In the TV ad, people with diabetes are waving their phones at their arms and ziiip getting a glucose reading. Evidently you used to have to stab yourself to get the same result but now you just have a doo-dad on your arm that your phone talks to. Probably it also knows whether to notify your doctor, or a donut shop.
At least one of the reasons I’m glad I’m not diabetic is that you could tape my phone right to the doo-dad and leave it overnight and in the morning it would just fart and fall off .
Yes, it is supposedly a smart phone.
But you can line it up with all the other smart phones out there and it would be like the picture of your kid’s first grade class, all spruced up in front of a banner that says MISS WHITTEN’S ALL-STARS. Psst: they’re not all stars. One or two shine bright and some of them eat boogers. I don’t ask much of my smart phone, and even so it does not live up to expectations.
I know there’s nothing a good smart phone cannot do. I’ve driven friends around and mentioned a mild hankering and within a minute someone in the back seat has located a spot to hanker in, and summoned directions, and added a musical sound track, and anticipated my next hankering. By the time we arrive at our destination, the phone has wrapped up my taxes, contributed to the correct candidate, and found a suspicious mole.
I don’t even think I get all my calls.
Here’s a thing my phone does. Sometimes someone sends me a text message that is clearly a response to a gang of people but I can’t see anything anyone else in the gang writes. I get snippets of conversation without the replies and have to guess what’s going on and with whom. All I have is the uncomfortable feeling people are talking about me. I have, on these occasions, handed my phone to a competent young person to troubleshoot, and they always poke away at it for a minute and then hand it back with the diagnosis: “Huh.”
Sometimes I no sooner pick up my phone than it informs me that it’s too full and nothing is going to work properly until it disgorges itself of something. I don’t know what. There are a few photos in there but no apps that didn’t come standard. My phone might be bulimic.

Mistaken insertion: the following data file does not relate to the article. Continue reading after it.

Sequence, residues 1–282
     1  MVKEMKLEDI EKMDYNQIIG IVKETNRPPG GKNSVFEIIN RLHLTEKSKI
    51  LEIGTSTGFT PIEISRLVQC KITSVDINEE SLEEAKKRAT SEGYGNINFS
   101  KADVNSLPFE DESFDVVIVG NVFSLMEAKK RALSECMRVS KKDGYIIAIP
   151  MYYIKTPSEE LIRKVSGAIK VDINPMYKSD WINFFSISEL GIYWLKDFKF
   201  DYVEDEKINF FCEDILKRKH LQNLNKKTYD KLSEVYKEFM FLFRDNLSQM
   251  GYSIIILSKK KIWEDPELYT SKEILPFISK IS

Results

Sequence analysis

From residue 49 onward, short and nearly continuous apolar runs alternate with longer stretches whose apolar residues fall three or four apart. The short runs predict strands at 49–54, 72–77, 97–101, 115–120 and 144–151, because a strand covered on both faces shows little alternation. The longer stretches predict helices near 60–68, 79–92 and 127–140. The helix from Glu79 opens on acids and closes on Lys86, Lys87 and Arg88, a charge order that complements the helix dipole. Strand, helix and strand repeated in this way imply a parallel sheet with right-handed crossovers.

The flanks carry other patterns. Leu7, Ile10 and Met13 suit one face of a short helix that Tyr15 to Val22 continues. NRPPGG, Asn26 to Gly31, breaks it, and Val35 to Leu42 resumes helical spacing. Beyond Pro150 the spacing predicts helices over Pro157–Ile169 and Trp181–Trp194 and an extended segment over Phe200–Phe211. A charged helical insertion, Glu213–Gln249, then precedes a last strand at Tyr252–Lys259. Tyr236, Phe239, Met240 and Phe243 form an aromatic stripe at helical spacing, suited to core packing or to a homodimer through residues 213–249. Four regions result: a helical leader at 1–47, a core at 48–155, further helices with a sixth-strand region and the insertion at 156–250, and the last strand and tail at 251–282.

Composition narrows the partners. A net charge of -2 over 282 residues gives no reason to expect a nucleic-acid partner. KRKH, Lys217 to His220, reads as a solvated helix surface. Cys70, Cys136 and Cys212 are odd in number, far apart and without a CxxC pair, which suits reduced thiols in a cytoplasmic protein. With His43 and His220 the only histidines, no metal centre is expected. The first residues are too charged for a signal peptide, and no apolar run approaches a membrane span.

I count on my phone for so little that it is easy for me to leave it behind when I go anywhere. Even at home it’s not likely to be in the same room as me. I’m as prone to addiction as the next citizen and if I really could get useful or entertaining information out of my phone I’d probably be poking at it all day long. So I’m not inclined to upgrade. If I knew my phone could lock my front door while I was in another state, I’d be checking it every few seconds to see if my door was unlocked after all. That’s not healthy.
Life is more enjoyable when you not only don’t know everything, but you know you don’t know everything, and you don’t know how to find out. It’s okay. It’s probably the way it should be. Just me, Nature, and my phone back home on the counter, eating boogers.
PS: Happy Birthday Dave!
I'm one of the few who never bought a smart phone. I have a flip phone, and when I whip it out to answer a call, people's eyes bug out as if I had whipped out one of those antique cranked wall phones that you had to yell into in old movies. I just can't justify the expense, especially when you consider that I hate talking on the phone, so I do it as little as possible. I also hate texting, so I had my carrier disable that feature from my plan because I was getting tired of paying to get sales texts. I have a desktop computer, which I have somehow remained un-addicted to (probably because I don't do social media.)